Park Avenue Numismatics
2742 Biscayne Blvd.
Miami, FL 33137
Toll Free: 888-419-7136
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AMONG THE PROVISIONS of the omnibus Mint Act of February 12, 1873 was one attempting to introduce metric weights into our national coinage. The 5 cent nickels already were officially supposed to weigh 5 grams apiece; hence-forth the dime, quarter and half dollar were to weigh 2.5, 6.25 and 12.5 grams apiece. This provision hardly merits praise. Mint tolerances were broad enough so that the coins could not be legally used as weights, even if there were any reason to use metric weights at the time outside a chemical laboratory; one hundred years after this Act of Congress the United States is still lagging behind the rest of the world in introducing weights and measures to school children in the metric system.
For reasons unknown the new coins were given a distinguishing mark, which turned out to be a reappearance of arrows at the dates. The older coins were theoretically to remain current, though the incomplete records available do indicate that some of the older no-arrows coins were melted down on and after July 10, 1873. These meltings included no-arrows coins from Carson City and San Francisco, and in Philadelphia they included unsold two-cent pieces, trimes, and Proof coins of 1872-73 without arrows, possibly other dates as well. (Possibly these meltings may account for the rarity of certain Carson City issues without arrows.)
The dimes with arrows at date, 1873-74, have long been prized as type coins. Quantities minted were ample in Philadelphia, moderately small in San Francisco, and really small only in Carson City. Among the 5,327,700 business strikes and 1,500 Proofs from Philadelphia are enough survivors so that the coins are available for a price. The S mints (695,000 in all) pose no severe problem except in Mint State, in which both dates are very scarce. On the other hand, the Carson City issues – 18,791 of 1873 with arrows, 10,817 in 1874—are both rare, a tiny fraction of 1% surviving of each; only one 1873 is known in Mint State, less than six of 1874 in the same grade.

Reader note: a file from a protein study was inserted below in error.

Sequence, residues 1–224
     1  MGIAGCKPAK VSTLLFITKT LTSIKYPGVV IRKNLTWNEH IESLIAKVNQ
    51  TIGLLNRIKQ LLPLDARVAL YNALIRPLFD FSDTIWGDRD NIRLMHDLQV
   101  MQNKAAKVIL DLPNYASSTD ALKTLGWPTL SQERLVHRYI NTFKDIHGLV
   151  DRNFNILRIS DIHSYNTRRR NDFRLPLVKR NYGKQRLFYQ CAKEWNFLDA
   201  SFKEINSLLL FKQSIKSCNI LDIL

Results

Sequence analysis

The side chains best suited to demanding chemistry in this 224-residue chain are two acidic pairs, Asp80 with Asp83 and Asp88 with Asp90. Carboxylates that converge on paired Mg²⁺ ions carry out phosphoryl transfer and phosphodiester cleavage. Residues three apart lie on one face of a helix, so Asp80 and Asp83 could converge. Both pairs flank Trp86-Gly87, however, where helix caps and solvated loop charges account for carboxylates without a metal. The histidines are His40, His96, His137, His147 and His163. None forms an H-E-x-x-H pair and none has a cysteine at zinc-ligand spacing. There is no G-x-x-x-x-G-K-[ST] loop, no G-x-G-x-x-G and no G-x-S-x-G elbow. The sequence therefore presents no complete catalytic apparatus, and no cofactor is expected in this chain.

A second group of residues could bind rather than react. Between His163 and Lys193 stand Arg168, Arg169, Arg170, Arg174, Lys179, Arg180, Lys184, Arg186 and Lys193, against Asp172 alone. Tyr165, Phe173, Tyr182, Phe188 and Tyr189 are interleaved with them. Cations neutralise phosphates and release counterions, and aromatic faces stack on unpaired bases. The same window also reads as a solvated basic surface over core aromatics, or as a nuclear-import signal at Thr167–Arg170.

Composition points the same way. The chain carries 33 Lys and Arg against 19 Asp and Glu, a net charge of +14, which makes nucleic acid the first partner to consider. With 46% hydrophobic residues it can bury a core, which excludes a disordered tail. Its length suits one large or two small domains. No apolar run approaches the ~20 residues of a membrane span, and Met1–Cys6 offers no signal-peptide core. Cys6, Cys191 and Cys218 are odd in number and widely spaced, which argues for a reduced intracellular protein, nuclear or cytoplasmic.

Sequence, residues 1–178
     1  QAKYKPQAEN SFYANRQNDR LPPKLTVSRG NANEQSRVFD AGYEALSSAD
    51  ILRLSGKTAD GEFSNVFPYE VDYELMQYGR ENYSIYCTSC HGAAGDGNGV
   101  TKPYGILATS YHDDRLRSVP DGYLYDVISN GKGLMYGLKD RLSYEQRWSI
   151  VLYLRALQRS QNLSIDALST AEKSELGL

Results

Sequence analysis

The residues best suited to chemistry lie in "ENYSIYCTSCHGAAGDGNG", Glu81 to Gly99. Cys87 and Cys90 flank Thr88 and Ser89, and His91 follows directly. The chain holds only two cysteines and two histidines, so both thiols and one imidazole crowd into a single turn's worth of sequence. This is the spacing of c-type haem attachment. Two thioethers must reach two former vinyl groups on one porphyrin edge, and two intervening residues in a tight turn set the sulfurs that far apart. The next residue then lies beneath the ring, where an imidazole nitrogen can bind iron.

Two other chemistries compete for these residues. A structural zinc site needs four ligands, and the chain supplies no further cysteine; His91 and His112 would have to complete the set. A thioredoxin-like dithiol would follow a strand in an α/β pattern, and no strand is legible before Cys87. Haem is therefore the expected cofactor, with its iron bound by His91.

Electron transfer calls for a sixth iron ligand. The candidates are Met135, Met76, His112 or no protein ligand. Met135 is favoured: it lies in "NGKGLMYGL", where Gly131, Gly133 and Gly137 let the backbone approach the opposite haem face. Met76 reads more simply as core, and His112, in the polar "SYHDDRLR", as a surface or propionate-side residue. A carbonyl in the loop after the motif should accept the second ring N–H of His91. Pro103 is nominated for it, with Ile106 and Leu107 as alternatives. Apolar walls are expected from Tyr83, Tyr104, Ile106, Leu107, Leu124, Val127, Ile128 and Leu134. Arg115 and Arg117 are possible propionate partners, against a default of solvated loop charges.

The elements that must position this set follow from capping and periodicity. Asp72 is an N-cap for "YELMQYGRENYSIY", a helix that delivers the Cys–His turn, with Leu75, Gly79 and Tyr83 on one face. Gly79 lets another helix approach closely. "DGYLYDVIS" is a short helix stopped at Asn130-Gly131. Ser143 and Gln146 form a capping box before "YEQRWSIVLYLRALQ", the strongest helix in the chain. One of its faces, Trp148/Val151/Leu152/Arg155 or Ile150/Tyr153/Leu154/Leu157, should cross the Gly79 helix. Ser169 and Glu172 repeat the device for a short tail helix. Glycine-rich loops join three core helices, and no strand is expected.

Some 500 Proof sets of silver coins were struck (with the trade dollar included), together with possibly as many as 300 extra dimes. Many of these sets were broken up by collectors wishing to add the dimes to their runs of dimes by dates, their quarters to their runs of quarters, etc. As a result, most of the Proof sets now known were assembled coin by coin in recent years. The use of metric weights has continued through 1964, but their importance to the mint solely consisted in a multiplication of decimal points in the operations of strip rolling, blank cutting, and blank weighing. Their importance to the general public was nil.